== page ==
"We’re very interested in seeing what the service comes out with," said Rick Loughery, who manages APLIC for the Edison Electric Institute.

The wind industry is reserving judgment on the FWS permitting plan but will try to meet with OMB to learn more details, an industry official said.

‘Fuzzy’ liability

Fish and Wildlife already permits hunting of migratory birds as long as harvest levels allow bird populations to sustain themselves. It also permits the killing of certain migratory species that prey on other wildlife, including blackbirds, cowbirds, grackles, crows and magpies.

But permits for industrial developments to unintentionally take migratory birds are new territory.

MBTA was passed primarily to stop the "indiscriminate slaughter" of migratory birds by market hunters and others, according to FWS.

But whether it bars the accidental taking of birds by otherwise legal oil and gas production facilities, wind turbines and telecommunications towers, logging operations, and airports varies by federal circuit court, according to a March 2014 legal review by attorneys for Crowell & Moring.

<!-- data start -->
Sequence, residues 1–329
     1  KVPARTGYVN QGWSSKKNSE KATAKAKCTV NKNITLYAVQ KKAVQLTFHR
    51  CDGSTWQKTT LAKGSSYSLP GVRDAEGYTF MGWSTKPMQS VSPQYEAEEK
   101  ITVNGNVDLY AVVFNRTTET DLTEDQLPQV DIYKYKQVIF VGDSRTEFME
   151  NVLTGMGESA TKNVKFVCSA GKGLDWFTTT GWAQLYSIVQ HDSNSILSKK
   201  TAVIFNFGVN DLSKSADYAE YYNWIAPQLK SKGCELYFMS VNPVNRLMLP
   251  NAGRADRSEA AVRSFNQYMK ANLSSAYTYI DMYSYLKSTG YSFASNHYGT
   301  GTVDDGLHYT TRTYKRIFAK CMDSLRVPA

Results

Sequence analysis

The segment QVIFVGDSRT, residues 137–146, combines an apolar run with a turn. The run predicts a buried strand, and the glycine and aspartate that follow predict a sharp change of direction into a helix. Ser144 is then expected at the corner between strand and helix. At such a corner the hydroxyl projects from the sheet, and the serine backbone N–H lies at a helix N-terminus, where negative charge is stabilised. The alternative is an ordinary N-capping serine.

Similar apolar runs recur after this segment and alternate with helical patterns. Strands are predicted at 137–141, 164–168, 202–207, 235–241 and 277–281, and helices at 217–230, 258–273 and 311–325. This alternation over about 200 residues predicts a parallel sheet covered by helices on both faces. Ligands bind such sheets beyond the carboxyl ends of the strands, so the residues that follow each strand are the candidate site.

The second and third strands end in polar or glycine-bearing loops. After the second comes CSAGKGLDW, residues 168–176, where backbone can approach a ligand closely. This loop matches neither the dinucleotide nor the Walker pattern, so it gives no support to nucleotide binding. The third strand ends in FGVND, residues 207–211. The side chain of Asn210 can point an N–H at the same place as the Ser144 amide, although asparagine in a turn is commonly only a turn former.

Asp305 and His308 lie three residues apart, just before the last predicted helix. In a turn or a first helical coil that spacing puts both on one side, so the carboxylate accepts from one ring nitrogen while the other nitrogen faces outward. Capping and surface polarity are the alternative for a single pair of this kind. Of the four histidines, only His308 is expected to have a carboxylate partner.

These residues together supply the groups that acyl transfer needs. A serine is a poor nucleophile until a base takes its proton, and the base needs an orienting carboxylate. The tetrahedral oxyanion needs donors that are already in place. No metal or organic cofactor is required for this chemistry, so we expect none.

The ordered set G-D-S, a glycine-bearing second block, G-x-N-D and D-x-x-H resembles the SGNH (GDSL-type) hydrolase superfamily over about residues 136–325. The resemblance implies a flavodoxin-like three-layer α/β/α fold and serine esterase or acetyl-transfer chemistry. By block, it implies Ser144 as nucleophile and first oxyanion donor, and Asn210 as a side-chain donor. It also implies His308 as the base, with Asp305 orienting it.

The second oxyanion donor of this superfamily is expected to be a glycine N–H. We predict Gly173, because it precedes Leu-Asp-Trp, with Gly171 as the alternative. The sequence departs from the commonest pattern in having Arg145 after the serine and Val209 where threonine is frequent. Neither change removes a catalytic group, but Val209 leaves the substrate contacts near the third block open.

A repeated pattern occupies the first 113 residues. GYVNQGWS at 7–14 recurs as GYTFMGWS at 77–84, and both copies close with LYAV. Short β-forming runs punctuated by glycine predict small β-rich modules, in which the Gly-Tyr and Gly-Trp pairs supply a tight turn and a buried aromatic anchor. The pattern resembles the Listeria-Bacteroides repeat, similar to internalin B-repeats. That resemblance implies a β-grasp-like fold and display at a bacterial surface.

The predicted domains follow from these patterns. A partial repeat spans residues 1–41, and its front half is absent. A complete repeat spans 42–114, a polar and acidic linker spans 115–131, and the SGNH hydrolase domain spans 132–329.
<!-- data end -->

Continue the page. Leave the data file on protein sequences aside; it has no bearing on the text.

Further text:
"The legal uncertainty is compounded by the lack of a clear regulatory mechanism to permit incidental take," the review said. "One potential solution is to utilize FWS’s authority … to issue regulations and permits that would render lawful certain arguable MBTA ‘takes.’"

The analysis said many companies are wary of the "fuzzy potential MBTA liability" and prefer not to rely on FWS’s "prosecutorial discretion" for otherwise lawful activities.

The courts of appeal for the 8th and 9th U.S. circuits have found MBTA applies only to actions directed against migratory birds like hunting — not accidental take from commercial activities like wind projects, said Svend Brandt-Erichsen of Marten Law.

Under those courts’ rulings, a permitting regime for MBTS would be unnecessary. The 10th Circuit, in contrast, has upheld criminal liability for incidental take.

A bill introduced last month by House Republicans would exempt energy companies and others who unintentionally kill or harm migratory birds from criminal penalties under MBTA (E&ENews PM, Jan. 23).

Regardless, wind firms will be closely watching FWS’s efforts, particularly in light of the Justice Department’s decision in recent years to prosecute two utilities for MBTA violations committed by wind farms in Wyoming.